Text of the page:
The writer is White Burkett Miller professor of history and J. Wilson Newman professor of governance at the Miller Center of Public Affairs at the University of Virginia.
During his confirmation hearings, attorney general nominee William P. Barr cautioned that while he intended to provide “as much transparency as I can” about the results of special counsel Robert S. Mueller III’s investigation, he might be required to keep certain elements of the counsel’s report that dealt with grand jury matters confidential. Mueller and his staff should consider dividing their report into two parts, one of which would provide the public an overall narrative of their findings about Russian efforts to interfere in the 2016 presidential election. The American people and the American government deserve those facts.
Unlike past independent counsels, including Leon Jaworski, who investigated the Nixon administration, or Kenneth Starr, who pursued the Clinton-Lewinsky affair, or the 9/11 Commission, for which I served as executive director, Mueller is acting as a Justice Department employee who is conducting a special investigation for the attorney general. Yet, from the start, the Justice Department made this work broader than just a legal investigation.
In appointing Mueller in May of 2017, and elaborating the scope of his work in August 2017, Deputy Attorney General Rod J. Rosenstein referred to and endorsed former FBI director James B. Comey’s description of Mueller’s mission as a counterintelligence inquiry into “the Russian government’s efforts to interfere in the 2016 presidential election.” That counterintelligence investigation could extend to the investigation of what crimes were committed, but was not limited to the criminal questions.
A report on the counterintelligence investigation is a report on a threat to America’s national security: a significant, covert foreign intervention into the country’s most important political process. This is quite apart from the separate matter of who committed what crimes. It is not necessarily a crime for Russians to interfere in our politics. It may or may not be a crime for Americans to work with the Russians or their agents, depending on the specifics of what people knew and did — evidentiary issues — and whether the allegations are prosecutable.
But our government and citizens are certainly entitled to understand, as best they can, the counterintelligence story: how the Russian government carried out a series of covert operations to intervene in the election of a U.S. president, and how Americans may have encouraged or worked with the foreign agents.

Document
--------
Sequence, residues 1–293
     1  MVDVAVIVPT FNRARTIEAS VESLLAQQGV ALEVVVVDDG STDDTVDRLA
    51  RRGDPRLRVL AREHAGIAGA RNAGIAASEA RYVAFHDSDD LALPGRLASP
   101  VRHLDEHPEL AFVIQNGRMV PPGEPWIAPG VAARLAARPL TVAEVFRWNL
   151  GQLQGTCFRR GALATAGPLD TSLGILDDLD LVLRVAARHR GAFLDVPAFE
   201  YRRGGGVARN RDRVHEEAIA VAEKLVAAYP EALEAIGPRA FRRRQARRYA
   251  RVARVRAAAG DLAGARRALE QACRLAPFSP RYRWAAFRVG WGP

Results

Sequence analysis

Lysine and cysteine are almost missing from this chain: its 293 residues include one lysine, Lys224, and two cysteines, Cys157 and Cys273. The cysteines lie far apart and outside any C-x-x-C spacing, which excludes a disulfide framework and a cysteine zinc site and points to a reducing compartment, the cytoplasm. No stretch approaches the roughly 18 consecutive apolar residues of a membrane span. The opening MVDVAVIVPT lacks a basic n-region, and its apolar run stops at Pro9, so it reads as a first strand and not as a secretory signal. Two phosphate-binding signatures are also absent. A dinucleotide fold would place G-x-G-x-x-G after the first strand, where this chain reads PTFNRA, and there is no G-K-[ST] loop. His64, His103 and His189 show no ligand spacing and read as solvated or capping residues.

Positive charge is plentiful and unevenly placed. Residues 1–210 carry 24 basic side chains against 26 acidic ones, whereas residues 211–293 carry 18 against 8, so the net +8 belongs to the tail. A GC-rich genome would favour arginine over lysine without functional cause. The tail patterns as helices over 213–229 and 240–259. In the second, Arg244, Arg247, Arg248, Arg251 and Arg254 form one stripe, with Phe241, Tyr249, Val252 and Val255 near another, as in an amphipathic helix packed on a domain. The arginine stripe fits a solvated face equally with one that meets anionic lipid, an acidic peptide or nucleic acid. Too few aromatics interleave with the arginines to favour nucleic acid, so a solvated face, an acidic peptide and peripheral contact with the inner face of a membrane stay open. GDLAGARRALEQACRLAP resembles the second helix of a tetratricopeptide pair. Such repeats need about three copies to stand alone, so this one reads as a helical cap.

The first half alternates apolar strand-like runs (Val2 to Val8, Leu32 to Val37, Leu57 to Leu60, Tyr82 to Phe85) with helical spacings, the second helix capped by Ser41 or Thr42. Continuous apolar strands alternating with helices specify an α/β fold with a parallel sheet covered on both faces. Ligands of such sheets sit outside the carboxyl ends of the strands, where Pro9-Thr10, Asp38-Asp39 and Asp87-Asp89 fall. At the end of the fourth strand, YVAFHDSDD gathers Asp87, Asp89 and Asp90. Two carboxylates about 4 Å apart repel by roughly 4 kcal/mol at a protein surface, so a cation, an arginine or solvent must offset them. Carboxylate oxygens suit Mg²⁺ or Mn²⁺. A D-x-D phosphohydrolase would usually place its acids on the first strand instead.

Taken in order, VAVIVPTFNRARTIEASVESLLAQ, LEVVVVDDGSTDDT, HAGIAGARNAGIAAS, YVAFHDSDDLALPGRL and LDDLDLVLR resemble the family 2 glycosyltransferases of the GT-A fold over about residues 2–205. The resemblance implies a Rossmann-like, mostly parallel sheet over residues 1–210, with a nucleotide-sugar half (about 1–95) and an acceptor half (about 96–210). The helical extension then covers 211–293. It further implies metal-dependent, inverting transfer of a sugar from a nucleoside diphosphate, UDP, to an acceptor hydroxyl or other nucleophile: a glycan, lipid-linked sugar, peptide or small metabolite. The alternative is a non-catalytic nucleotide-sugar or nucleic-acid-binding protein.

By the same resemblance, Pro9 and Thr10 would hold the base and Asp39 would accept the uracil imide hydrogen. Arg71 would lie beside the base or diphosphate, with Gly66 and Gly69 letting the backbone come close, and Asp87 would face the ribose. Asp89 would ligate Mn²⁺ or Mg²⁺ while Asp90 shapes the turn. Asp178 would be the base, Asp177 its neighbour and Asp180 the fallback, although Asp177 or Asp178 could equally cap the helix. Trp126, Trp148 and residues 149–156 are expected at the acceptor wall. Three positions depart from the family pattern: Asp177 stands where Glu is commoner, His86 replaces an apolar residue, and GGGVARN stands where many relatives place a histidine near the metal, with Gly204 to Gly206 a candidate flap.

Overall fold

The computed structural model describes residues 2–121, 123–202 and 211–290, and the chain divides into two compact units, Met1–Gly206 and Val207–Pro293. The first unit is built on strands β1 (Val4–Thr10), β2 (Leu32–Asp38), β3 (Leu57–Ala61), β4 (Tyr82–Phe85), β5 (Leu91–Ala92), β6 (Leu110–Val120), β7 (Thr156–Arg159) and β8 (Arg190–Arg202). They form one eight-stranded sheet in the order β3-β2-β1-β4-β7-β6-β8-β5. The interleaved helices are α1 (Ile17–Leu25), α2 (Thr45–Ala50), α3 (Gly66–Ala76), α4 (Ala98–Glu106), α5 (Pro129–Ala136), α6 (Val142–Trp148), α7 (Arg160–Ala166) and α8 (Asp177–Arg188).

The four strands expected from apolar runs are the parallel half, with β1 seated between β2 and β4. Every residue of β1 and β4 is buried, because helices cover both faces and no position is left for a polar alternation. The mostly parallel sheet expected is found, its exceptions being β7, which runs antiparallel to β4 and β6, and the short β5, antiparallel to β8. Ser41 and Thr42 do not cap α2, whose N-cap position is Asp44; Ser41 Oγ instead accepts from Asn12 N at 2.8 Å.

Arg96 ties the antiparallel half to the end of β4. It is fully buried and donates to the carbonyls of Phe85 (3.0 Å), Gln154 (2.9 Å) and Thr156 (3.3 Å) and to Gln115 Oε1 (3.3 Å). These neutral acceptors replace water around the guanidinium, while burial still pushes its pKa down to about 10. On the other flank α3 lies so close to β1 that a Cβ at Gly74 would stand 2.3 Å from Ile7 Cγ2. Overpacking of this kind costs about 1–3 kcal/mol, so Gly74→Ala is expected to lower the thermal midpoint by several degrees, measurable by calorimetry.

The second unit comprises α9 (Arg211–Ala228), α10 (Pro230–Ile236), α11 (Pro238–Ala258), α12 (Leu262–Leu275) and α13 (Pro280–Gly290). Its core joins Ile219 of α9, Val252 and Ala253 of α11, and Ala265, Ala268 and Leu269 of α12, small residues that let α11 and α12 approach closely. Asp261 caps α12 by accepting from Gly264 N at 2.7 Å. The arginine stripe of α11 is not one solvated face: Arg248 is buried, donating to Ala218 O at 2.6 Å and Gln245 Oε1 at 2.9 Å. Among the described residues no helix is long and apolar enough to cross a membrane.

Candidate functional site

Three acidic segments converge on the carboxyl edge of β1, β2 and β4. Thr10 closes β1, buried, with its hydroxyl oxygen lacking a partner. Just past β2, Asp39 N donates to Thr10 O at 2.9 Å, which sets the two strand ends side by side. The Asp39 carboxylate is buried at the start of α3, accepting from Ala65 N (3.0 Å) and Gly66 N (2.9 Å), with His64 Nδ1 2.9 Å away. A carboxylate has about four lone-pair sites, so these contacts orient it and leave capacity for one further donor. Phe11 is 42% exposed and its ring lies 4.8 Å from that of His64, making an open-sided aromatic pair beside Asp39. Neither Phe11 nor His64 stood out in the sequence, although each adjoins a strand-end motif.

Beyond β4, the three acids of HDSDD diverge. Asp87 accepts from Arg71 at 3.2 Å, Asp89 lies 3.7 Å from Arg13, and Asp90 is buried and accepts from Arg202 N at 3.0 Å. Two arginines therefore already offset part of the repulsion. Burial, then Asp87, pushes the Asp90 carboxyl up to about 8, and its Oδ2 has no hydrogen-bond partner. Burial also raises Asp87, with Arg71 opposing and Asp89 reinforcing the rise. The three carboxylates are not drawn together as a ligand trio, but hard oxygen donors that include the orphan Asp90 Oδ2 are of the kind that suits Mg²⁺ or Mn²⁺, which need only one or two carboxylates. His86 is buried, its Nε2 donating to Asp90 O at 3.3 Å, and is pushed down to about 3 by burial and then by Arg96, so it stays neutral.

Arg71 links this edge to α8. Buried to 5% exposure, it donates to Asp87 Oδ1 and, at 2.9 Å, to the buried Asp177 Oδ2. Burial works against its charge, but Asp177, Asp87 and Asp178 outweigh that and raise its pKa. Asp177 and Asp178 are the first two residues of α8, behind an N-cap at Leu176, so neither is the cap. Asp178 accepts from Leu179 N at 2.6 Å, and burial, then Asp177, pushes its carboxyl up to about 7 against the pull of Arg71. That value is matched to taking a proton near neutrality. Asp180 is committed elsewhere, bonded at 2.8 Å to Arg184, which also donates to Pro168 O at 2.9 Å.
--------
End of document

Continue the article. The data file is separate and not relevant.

One of the most important insights from the 9/11 Commission work was the value of explaining the context, including a study of both sides. Therefore, we tried to bring the reader into al-Qaeda’s world and its operational planning, not just examine the American reactions.
In Mueller’s case, this means, for example, that part of the narrative could set a context to help citizens understand how the Russian government carries out covert activities, the way many Russian businesspeople interact with this work and the way Americans who do business with such connected Russians comprehend this. Similarly, the report can set the context of the Trump campaign in 2016, and how it operated, that was relevant to the Russian intervention. Some of this may have spilled over into the presidential transition process as well, if not the operations of the administration itself.
The other part of Mueller’s report could be a road map of the progress of criminal investigations, explaining certain prosecutorial choices so far, and also referrals of some investigations to other parts of the Justice Department or to other authorities. In handling the issue of referrals, Mueller has the option, which Jaworski followed in 1974, of providing the attorney general with material prepared for referral to a House committee responsible for considering possible articles of impeachment. As Jaworski did, this particular referral road map could signpost key issues of presidential misconduct, introduce the surrounding facts and point to relevant evidence.
Above all, because of its counterintelligence writ, the Mueller report should provide a historical account of a troubling and intensely controversial episode in American history. The special counsel regulations invest the attorney general with the authority to decide how much of Mueller’s work is shared with the public and in what form. “As much transparency as I can” is the right answer. If Barr is confirmed, the country is counting on him to keep his promise.
The 9/11 Commission started from this premise. We were fortunate in the final choice of commission chair and vice chair Thomas H. Kean and Lee Hamilton, respectively. Kean and Hamilton were veteran politicians, but Kean had originally been trained as an academic historian at Princeton, working with R.R. Palmer. Kean’s hope, like mine, was that the commission would provide a reasonably sound understanding of what had happened, a foundation that others could build on. Hamilton deeply influenced the “house style” of the work, always driving it to be terse and factual, leaving larger interpretive conclusions to the good judgment of the reader, free of off-putting technical vocabulary without being dumbed down, and accessible to interested citizens.
Hamilton doubted, though, that many people would read such a long, detailed report. In that, he underestimated the citizenry, as people sometimes do. Robert Mueller and William P. Barr should trust Americans to rise to the occasion once again.